“It’s because of this.” “No, it’s because of that.” Every week someone has a new take on the cause of childhood obesity, or on what should be done about it. Consequently, parents sometimes just want to shut down and stop listening.
Why is childhood obesity such a tough nut to crack? For one thing, we all want a nice obvious vector between cause and effect, but this picture is a mess. Obesity is ubiquitous, and who can keep up with the constant flood of news about purported causes? There are so many ingredients in the multifactorial stew, a truly determined researcher could match up obesity with just about anything.
Can’t process any more information
To become educated about the putative origins of the obesity epidemic, eclectic knowledge is key. We need to study up on the ramifications of certain political agendas when applied to food policy. Just to understand the high fructose corn syrup problem, for example, a person has to learn about agricultural policy, farm subsidies, international trade agreements, and a whole lot of other complicated matters.
Can’t handle any more controversy
If food addiction turns out to be as real as alcohol or drug addiction, we have to grasp the far-reaching repercussions in such areas as health insurance and eligibility for government medical care programs. And once the discussion impinges on such areas as race and class, the atmosphere can become very polluted. Is it any wonder that parents turn away in despair, and spend their energy addressing other problems?
It’s so easy to do the wrong thing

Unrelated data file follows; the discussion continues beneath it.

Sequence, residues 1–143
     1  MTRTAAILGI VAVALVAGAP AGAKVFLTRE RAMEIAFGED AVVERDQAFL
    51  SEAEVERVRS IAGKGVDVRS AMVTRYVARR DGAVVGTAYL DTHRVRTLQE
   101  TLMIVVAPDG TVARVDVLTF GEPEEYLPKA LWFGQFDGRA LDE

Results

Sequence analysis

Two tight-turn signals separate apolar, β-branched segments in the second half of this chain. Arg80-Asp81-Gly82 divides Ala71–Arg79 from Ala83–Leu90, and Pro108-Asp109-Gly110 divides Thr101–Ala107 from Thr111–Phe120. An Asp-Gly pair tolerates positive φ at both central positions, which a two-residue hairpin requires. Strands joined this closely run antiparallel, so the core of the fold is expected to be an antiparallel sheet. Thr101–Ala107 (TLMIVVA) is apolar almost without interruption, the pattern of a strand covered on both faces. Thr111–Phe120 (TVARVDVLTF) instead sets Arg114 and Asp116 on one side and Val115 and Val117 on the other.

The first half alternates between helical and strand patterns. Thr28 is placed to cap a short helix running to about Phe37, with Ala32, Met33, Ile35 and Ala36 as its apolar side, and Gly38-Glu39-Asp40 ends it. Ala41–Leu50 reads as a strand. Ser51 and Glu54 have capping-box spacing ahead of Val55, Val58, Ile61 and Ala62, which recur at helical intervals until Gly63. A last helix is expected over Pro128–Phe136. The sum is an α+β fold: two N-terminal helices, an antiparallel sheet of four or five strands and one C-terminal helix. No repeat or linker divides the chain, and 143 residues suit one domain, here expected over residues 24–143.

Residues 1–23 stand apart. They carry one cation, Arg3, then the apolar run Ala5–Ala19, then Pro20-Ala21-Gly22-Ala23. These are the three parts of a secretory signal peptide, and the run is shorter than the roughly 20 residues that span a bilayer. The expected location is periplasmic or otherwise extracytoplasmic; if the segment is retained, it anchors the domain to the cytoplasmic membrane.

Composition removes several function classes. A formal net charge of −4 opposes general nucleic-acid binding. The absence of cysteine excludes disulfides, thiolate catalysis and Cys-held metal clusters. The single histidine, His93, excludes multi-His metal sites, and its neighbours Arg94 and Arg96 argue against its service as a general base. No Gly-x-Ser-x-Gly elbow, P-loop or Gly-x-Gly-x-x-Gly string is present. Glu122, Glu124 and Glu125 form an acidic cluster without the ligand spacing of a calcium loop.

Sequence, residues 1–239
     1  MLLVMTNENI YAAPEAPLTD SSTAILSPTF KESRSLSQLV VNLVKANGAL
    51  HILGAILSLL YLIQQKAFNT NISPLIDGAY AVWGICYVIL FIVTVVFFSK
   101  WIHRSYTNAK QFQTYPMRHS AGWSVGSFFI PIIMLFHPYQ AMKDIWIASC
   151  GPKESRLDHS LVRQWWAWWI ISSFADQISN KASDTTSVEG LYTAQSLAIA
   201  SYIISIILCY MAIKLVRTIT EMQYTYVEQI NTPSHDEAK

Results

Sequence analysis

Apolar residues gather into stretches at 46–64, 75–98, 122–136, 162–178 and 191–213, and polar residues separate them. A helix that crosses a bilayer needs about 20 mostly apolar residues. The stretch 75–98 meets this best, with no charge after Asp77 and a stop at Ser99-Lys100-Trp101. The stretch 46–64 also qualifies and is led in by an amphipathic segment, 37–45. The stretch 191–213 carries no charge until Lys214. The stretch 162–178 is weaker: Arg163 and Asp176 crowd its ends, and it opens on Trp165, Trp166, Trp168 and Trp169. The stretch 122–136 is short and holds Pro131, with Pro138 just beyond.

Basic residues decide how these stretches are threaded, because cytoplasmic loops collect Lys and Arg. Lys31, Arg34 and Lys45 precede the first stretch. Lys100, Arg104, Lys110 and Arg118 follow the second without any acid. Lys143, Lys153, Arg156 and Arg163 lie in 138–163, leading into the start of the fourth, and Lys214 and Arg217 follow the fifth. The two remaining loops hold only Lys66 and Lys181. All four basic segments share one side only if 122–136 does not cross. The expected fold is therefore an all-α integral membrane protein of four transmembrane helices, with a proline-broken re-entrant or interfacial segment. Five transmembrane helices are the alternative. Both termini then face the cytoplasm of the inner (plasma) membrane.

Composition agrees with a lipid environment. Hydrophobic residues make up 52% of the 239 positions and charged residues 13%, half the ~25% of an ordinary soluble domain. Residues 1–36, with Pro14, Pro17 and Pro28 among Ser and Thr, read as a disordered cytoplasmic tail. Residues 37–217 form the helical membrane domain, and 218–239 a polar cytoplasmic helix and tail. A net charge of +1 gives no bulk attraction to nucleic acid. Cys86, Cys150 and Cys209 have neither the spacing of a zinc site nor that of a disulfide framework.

Even the most concerned parents are caught in an unrelenting push-pull dynamic. For instance, numerous authorities recommend that children participate in team sports or other athletic pursuits. Parents are urged to make use of every opportunity to promote physical activity.
Then, along comes somebody like health and wellness writer Steve Garrett, to say:
Don’t continually try to get overweight kids to join a sports team. They may feel intimidated about their size already, so competing in a sport that they don’t like and don’t feel competent playing is counter productive.
In fact, parents are told, don’t draw a child’s attention to weight in any manner. In which case, it’s a little difficult to explain why we we are not having lunch at a fast-food joint, or why we must visit the doctor.
Obesity is the least of their worries
Is the kid shooting meth into his veins, or using the webcam to do something naughty? Is the kid refusing to go to church any more, or flunking out of school, or pregnant, or stealing cars? When a child is in any kind of immediate trouble, needing bail today or expecting a baby in five months, it is difficult to focus on the long-term risk of developing heart disease in 20 years.
Admittedly, compared to the obstacles and dilemmas that some parents cope with, obesity, and even the risk of food addiction, are pretty far down the list of things they lose sleep over. This laissez-faire attitude is of course very destructive. A 16-year-old girl once wrote to Dr. Pretlow’s Weigh2Rock website,
A teen who does drugs or smokes would get in trouble if their parents found out. But no one’s going to ground you for eating, which can be equally as damaging, and is equally as difficult to stop.
International food authority Jamie Oliver has been quoted as heavily blaming parents:
It’s harsh to say, but these parents, when they’ve been to the doctor and keep feeding their kids inappropriate food, that is child abuse. Same as a cigarette burn or a bruise.
Your responses and feedback are welcome!